This book covers Xen—an open-source paravirtualization technology that provides a platform for running multiple operating systems on one physical hardware resource, while providing close to native performance. Xen supports several operating systems—Linux, FreeBSD, Windows, and NetBSD. It was originally developed in 2003 at the University of Cambridge Computer Laboratory and now both commercial and free versions of the Xen hypervisor are available. The commercial versions are built on top of the open-source version and have additional enterprise features. In this book we explore and use the open-source version of Xen.

Each chapter in this book is a collection of practical tasks that demonstrates how to achieve common virtualization tasks—you then learn how it works so that you can apply this knowledge to your Xen installation and environment.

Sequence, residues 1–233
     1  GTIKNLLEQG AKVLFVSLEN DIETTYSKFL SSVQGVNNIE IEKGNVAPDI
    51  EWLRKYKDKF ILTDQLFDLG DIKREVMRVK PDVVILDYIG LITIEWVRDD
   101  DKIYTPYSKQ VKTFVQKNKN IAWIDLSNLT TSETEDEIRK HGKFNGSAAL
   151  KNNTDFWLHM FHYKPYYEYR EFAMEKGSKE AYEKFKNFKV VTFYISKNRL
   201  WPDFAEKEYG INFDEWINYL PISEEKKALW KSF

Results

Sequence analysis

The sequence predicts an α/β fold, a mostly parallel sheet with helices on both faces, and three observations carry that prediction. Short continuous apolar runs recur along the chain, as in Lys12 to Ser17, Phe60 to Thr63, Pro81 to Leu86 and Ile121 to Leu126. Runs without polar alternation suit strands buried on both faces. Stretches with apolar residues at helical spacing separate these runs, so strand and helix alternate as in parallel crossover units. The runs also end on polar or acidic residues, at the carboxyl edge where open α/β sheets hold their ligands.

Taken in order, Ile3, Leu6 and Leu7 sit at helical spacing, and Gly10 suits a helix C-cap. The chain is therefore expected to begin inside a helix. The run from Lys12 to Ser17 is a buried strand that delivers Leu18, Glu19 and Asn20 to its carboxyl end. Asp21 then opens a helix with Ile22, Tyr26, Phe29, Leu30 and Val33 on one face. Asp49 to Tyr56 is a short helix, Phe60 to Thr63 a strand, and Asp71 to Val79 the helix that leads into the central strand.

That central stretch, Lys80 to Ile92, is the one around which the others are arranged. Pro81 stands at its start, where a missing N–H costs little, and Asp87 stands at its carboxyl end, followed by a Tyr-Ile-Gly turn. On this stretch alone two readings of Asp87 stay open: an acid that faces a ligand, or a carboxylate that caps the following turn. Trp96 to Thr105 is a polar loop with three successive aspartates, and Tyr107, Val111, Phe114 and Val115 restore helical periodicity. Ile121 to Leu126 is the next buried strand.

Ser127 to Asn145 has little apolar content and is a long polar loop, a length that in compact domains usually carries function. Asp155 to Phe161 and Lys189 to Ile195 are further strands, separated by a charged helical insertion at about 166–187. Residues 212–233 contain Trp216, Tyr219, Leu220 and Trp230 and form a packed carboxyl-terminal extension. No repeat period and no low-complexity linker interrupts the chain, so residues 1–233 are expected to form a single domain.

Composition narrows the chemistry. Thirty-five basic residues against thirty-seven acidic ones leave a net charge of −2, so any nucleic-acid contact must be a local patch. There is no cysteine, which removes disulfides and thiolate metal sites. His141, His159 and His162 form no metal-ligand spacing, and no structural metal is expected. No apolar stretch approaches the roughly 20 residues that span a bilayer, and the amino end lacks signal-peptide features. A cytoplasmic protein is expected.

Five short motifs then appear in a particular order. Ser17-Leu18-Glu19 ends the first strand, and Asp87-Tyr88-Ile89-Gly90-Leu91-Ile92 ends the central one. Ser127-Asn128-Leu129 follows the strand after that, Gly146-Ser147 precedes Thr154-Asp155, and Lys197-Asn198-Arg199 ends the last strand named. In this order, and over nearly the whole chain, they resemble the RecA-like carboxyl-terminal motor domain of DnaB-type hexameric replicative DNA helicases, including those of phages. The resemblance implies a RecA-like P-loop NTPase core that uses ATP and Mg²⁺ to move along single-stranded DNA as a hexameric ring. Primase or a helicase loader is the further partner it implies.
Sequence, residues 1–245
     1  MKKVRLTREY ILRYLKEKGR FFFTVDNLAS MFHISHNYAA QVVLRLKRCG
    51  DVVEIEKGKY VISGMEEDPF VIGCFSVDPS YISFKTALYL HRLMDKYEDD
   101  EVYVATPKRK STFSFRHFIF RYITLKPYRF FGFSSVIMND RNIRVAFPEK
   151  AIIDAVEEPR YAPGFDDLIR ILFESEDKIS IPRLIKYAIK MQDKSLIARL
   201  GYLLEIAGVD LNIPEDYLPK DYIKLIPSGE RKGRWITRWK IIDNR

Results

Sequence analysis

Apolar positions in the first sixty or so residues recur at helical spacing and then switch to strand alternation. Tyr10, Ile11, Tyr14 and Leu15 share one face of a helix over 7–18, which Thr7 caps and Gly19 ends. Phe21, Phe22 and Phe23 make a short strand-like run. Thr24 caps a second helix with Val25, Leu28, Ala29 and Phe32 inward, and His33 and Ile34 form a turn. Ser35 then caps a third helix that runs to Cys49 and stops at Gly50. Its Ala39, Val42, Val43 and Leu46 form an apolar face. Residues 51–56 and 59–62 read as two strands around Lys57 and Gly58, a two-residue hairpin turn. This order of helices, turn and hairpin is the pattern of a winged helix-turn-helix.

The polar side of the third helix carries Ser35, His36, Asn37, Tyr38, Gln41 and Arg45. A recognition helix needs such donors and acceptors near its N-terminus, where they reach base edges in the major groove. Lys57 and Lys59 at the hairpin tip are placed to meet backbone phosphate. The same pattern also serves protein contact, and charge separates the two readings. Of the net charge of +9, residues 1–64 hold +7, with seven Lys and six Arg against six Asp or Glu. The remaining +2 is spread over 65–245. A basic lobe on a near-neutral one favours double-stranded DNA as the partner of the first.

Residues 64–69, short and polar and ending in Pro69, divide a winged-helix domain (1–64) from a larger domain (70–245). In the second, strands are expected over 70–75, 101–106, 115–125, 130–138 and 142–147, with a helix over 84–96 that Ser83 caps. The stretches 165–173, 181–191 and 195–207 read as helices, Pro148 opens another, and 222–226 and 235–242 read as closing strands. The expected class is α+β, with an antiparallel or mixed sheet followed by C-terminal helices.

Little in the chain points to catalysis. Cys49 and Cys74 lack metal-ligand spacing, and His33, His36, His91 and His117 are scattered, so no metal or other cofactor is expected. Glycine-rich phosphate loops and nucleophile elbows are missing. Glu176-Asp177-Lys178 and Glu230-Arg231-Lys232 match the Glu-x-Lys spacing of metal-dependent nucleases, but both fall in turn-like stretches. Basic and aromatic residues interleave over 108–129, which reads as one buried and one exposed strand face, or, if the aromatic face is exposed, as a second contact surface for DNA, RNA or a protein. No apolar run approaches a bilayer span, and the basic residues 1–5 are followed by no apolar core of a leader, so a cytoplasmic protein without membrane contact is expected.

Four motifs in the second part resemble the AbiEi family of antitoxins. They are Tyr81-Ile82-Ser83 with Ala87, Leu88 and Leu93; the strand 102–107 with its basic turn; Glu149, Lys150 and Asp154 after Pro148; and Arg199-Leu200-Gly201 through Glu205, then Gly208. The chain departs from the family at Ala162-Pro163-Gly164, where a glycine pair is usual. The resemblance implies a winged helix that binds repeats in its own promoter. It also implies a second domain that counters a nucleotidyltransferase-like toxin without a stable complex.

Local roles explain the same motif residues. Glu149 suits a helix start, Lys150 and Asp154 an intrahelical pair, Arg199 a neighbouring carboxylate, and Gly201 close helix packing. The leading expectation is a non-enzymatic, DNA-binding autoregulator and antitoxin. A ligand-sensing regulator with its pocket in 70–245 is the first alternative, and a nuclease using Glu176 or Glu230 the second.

What This Book Covers

Chapter 1 introduces the world of Xen and virtualization. It discusses the concepts and advantages of using Xen.

Chapter 2 walks us through the installation of Xen on a Fedora Core system. It discusses installation using yum and also installation by compiling from source.

Chapter 3 creates virtual machines or Xen guest domains that run on top of our Fedora Core system. Ubuntu Feisty, NetBSD, CentOS, and Slackware domains are created.

Chapter 4 explores the management tools available for administering Xen instances. It shows how to install and use xm, XenMan, and virt-manager.

Chapter 5 examines some of the networking options that are available when using Xen and walks through both bridged and routed networking configurations for connecting guest domains to each other as well as to the outside world.

Chapter 6 walks us through some of the storage options that can be used for storing Xen domains. Storage systems such as the file system, Network File System (NFS), and Logical Volume Management (LVM) are discussed.